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IDEA Gives Disabled Children the Right to a Good Education

The IDEA gives disabled children the right to a good education. It also gives them the right to a free and appropriate public education. This means there are high standards in the education they receive.  However, Supreme Court Justice Gorsuch has specific opinions regarding disabled children and their right to a free education under the IDEA. He thinks that the standard for educating disabled children should below. You may recall that during Gorsuch’s congressional hearings, the U.S. Supreme Court overturned his decision in the Luke P. case.

The Luke P. case held that a school district complies with the law to educate disabled children, as long as they provide educational benefits that meet a “de minimis” standard “De minimis” is a Latin phrase meaning “so minor as to merit disregard.” When decisions use this language, it means the lowest possible standard.

In his decision, Gorsuch essentially concluded that school districts comply with their obligation to educate disabled students as long as they give disabled students little more than nothing.  Thank goodness the U.S. Supreme Court unanimously rejected Gorsuch’s approach. Chief Justice Roberts, in Endrew v. Douglas County School District, wrote that the standard for educating children with disabilities under the IDEA “is markedly more demanding than the de minimis test applied by the Tenth Circuit.”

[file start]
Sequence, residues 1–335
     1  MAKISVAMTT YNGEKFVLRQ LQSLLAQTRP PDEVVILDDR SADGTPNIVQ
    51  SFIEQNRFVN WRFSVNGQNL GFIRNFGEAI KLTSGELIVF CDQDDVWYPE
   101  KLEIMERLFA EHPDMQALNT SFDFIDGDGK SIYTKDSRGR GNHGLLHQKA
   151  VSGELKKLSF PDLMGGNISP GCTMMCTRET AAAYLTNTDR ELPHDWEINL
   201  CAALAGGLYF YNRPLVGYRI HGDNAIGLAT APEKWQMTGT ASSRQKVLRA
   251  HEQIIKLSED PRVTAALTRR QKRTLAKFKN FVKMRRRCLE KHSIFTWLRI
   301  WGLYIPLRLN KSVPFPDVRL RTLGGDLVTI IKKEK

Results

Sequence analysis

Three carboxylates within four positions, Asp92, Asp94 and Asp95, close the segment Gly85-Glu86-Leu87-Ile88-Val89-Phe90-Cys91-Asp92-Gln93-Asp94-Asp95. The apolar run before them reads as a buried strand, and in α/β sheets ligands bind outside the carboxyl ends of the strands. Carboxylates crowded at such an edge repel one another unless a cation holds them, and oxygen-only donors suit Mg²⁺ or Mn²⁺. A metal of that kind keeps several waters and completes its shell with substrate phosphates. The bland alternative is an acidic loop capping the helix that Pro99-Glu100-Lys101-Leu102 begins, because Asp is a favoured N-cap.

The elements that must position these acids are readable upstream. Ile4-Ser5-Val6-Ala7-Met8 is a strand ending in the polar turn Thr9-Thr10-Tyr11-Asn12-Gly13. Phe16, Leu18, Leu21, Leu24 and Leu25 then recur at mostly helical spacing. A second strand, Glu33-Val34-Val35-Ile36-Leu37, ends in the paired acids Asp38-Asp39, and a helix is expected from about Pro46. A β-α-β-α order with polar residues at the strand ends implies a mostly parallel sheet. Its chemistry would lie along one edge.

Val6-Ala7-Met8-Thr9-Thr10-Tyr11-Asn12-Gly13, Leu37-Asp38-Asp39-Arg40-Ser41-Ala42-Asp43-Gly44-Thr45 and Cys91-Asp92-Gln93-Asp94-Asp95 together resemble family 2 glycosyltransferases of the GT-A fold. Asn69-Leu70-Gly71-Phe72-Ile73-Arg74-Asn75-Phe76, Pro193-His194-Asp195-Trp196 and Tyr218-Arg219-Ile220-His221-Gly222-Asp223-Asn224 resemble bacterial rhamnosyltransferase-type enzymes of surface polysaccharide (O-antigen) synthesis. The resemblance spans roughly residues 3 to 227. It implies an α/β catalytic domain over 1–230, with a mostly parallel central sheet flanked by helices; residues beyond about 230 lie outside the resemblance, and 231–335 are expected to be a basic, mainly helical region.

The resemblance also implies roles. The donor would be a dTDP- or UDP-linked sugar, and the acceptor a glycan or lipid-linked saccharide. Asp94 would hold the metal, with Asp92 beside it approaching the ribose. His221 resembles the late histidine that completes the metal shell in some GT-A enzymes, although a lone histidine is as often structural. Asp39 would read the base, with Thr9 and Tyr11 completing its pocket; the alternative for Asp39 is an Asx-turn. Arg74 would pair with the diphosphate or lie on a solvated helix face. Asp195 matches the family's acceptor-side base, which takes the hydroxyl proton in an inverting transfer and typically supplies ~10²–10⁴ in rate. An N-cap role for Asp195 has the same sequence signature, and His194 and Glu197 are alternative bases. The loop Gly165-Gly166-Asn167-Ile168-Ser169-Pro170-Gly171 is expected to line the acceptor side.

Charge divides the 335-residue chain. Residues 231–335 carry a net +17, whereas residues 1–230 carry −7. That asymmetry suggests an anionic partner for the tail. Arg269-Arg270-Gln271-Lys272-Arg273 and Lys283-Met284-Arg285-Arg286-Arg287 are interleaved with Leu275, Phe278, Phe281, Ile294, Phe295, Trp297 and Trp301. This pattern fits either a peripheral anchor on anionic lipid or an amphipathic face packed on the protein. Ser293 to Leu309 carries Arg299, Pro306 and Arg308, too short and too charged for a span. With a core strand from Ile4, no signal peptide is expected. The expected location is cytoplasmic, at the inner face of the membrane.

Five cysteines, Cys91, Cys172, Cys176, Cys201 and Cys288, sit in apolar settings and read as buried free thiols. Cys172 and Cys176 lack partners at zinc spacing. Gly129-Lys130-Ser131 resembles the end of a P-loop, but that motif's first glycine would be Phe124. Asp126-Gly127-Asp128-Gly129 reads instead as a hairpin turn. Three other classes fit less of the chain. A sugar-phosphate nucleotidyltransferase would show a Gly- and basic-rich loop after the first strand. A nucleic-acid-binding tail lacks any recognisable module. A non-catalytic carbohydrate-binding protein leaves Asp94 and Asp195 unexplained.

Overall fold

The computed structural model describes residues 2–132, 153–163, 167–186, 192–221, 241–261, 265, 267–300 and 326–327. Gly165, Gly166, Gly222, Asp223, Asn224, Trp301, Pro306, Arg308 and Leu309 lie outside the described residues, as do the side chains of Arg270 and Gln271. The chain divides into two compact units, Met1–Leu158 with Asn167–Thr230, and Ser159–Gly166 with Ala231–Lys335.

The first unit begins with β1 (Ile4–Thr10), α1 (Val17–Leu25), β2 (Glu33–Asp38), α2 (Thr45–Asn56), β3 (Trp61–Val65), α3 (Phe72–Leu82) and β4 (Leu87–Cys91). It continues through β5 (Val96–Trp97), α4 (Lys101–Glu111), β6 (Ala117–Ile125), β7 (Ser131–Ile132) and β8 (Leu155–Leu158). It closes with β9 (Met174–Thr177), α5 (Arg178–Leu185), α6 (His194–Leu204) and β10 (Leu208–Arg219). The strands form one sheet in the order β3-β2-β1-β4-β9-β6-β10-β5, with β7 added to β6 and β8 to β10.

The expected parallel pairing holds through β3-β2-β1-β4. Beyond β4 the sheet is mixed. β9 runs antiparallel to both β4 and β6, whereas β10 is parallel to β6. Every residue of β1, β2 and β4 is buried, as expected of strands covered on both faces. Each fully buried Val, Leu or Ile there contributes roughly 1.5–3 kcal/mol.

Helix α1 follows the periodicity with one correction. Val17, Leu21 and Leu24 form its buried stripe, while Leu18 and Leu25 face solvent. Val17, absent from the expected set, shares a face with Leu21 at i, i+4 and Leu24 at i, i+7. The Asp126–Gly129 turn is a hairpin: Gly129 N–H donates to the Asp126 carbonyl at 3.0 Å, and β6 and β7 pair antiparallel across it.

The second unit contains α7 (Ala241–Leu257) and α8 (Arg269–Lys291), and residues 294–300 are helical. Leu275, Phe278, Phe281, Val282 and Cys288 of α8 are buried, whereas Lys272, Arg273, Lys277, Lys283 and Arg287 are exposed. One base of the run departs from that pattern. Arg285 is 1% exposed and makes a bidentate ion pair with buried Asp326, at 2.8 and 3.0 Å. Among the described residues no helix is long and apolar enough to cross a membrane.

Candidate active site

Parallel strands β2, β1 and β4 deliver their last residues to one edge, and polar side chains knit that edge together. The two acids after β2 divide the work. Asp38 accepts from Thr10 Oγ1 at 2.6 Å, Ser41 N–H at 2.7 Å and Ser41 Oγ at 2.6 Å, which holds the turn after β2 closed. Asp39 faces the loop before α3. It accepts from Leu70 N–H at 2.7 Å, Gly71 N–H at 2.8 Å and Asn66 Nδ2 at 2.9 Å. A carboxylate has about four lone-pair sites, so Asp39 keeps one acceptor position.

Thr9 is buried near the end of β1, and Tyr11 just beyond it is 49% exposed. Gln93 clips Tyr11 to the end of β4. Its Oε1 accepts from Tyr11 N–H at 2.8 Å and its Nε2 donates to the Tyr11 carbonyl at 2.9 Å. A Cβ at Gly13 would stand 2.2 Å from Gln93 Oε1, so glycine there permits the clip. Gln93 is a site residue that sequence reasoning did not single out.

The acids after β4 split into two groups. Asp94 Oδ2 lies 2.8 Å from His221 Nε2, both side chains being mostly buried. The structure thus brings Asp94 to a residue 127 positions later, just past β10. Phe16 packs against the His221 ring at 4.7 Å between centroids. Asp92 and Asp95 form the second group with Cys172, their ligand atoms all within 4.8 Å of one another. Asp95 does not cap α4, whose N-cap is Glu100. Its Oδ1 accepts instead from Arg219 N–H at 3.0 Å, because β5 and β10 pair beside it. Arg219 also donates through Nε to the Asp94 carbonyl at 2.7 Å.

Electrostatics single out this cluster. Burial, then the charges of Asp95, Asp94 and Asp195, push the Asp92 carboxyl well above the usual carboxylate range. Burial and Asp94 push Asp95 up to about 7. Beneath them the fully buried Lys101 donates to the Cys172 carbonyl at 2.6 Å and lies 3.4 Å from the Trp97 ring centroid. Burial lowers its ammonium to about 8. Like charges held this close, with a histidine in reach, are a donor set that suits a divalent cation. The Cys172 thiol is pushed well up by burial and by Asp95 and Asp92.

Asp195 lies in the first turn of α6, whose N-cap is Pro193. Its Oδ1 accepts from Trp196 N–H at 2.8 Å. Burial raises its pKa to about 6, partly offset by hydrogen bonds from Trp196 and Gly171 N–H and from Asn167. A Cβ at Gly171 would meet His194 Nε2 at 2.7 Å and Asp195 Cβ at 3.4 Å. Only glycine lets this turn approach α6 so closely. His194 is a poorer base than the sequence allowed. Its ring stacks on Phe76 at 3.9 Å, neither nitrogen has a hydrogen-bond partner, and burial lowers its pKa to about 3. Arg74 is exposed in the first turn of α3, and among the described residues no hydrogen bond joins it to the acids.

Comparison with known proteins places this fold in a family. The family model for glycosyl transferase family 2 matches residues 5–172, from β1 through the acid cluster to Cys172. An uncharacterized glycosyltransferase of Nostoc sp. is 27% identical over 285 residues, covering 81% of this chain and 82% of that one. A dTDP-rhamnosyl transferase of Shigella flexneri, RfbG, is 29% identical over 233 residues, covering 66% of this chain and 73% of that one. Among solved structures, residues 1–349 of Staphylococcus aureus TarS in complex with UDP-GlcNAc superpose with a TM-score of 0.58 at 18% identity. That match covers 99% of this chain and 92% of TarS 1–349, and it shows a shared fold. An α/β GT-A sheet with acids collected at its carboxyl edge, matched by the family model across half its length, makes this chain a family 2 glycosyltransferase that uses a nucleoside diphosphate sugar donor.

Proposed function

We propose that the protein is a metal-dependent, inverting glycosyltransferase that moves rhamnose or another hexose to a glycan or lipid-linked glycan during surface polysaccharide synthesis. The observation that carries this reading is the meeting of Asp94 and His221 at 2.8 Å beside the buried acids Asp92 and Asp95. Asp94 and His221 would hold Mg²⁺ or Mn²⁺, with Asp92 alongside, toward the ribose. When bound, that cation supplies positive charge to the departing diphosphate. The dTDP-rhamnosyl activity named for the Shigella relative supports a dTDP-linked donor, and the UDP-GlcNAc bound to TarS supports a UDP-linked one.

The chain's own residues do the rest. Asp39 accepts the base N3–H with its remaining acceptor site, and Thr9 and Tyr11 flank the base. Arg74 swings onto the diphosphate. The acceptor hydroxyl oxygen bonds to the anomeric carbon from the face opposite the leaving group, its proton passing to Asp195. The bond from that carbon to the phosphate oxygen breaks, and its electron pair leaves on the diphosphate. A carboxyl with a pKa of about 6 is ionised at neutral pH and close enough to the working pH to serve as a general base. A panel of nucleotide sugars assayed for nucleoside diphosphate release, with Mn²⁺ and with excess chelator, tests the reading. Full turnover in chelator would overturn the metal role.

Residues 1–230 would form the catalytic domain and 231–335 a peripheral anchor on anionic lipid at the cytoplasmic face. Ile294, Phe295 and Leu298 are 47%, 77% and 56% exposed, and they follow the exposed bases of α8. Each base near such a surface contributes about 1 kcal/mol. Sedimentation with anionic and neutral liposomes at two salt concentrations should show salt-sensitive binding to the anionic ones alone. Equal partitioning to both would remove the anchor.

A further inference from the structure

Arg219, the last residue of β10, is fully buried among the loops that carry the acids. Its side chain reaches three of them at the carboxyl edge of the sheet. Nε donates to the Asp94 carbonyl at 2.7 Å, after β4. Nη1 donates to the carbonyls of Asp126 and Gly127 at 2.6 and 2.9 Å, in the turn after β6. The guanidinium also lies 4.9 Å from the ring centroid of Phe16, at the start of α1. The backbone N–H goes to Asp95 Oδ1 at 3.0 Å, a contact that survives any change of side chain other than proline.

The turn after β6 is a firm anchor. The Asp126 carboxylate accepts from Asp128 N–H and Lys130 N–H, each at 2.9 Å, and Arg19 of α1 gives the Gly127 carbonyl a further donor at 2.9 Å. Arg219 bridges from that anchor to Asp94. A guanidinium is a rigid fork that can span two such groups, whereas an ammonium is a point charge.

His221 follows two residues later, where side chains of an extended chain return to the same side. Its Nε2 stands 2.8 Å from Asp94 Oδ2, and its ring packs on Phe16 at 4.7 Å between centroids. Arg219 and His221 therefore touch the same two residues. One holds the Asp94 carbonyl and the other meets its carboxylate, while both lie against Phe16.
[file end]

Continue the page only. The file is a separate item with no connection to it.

Justice Roberts also stated that Gorsuch’s approach would effectively strip disabled students of appropriate education. The IDEA helps educators teach students with disabilities on an individual basis. Therefore, this helps them learn the skills they need to become contributing members of society. It remains to be seen whether Gorsuch will respect the disabled community in his future decisions. For now, the Supreme Court agrees that the IDEA gives disabled children have a right to a good education.

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